Telluride Academy

From left, Telluride Academy’s program director Sophie Fabrizio, executive director Luke Brown, registrar and marketing director Sonja Ames, and finance director Larry Rosen. (Courtesy photo)

The Telluride Academy earlier this month closed on a property located along the Highway 62 river corridor, approximately four mile miles past Placerville in Leopard Creek. The 3.8-acre parcel, adjacent to public lands, is a high desert landscape dotted with scrub oak and pinon trees with natural sandstone terraces. Amidst sunny meadows is a four-bedroom, three-bathroom house.

“The academy has always been on the hunt for a piece of property where we can take students and enhance programming,” executive director Luke Brown said.

Over the past six months, however, the focus for land acquisition changed from enriching programming to securing staff housing, which became especially concerning when the academy started hiring for the summer season in January.

“We saw a marked change in the frequency of applications with people hesitating to pursue Telluride because of housing,” Brown explained. “Which put the fire under us as an organization to get serious about addressing affordable housing for our staff.”

Jay Markley, who’s served as president of the academy’s board of directors for the past two years, said staff housing has been a challenge for many years and is only getting worse.

“The team and board has discussed this issue for years and agreed to pursue a long-term solution if one presented itself,” he said. “So when the Leopard Creek opportunity came around, we were ready to move.”

The academy intends to build yurts on the property for additional staff housing during peak seasons. They’ll also be used as classrooms, as well as allowing kids to camp, explore and recreate on the land. The space is ideal for storing the academy’s fleet of vehicles and trailers, while existing sheds and outbuildings on the property can store outdoor gear. With a well on-site, Brown sees potential to construct a greenhouse where campers might harvest food.

But the most critical issue addressed by the purchase is year-round staff housing. Between the yurts, car camping, bunk beds and single rooms, there’s potential to house up to 14 people during the summer and up to eight people during the winter.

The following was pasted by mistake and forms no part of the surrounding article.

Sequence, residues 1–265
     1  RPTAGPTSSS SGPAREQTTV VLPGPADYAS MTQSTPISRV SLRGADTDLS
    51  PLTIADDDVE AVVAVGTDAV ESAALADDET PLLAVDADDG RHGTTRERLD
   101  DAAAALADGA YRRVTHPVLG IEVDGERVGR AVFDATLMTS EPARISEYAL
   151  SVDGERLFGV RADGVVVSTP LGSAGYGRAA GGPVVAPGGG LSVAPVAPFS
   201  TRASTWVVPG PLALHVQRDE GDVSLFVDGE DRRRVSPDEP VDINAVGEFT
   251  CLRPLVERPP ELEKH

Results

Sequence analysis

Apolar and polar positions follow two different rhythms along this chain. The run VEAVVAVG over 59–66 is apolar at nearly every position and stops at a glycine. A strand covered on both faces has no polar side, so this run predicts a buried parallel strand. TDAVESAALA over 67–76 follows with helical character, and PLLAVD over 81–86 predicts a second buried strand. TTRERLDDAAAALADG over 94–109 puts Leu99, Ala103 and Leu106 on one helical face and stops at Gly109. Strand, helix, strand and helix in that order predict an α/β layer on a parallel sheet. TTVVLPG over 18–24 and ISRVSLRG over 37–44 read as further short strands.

“The rates we’re going to be able to offer staff will be substantially below what market rates are for Telluride,” Brown said.

The academy has already started collaborating with other nonprofits that face similar housing challenges, specifically Telluride Adaptive Sports, which has first right-of-refusal for two of the bedrooms in the wintertime for staff.

Upon closing, a crew ripped out old carpets in the house to install brand new flooring, while painters refreshed interior walls. The target date for staff move-in is Monday.

“Next hiring season, we can use the house as part of the job posting, and we’ll get to choose our top candidates early,” Brown said. “‘Come to Telluride and work for Telluride Academy. Affordable housing available!’ That alone is going to be a huge draw and will also help with staff retention.”

In order to expedite a quick closing to house staff immediately, the academy drew from its endowment for a bridge loan.

“As the academy celebrates 40 years, we hope to host a series of fundraising events and reunions with the Telluride community, academy alumni and staff to raise money through a capital campaign for the acquisition of our new ‘home,’” noted Allison Templin, who has served on the academy board of directors for nearly six years, and volunteered her real estate brokering services, time and expertise to close the deal.

“Alpine Bank was amazing working with us,” Brown added. “They saw our vision and our goal and understood why we were trying to close quickly.”

Brown believes that asking donors to give to a staff housing campaign is compelling because the academy is taking initiative to solve a problem, while also protecting the integrity of its program and brand.

“Our staff makes the academy experience what it is,” he said. “So paying down this expense, along with fortifying tuition assistance, will be our fundraising narrative for the next few years.”

Since 2011, the academy has owned a small commercial condominium in the Cimarron complex where managing staff operates year-round. A combination of donations and a capital grant from the Telluride Foundation helped pay the mortgage off in 18 months.

While acquiring the Leopard Creek parcel is exciting, Brown said that the academy is still looking for its “forever home,” a property that checks all of the boxes: Enhancing programming while providing storage and staff housing.

“We’re interested in doing more outreach programming where we might bring in groups from other school districts or youth organizations,” he said. “For us to do that effectively, we’re going to need a place to start boarding students.”

Markley feels confident that the Leopard Creek parcel will help sustain the organization moving forward.

“Leopard Creek is a fantastic step forward to ensure we can continue to provide outdoor experiences for both local families and out of town guests for many years to come,” he said.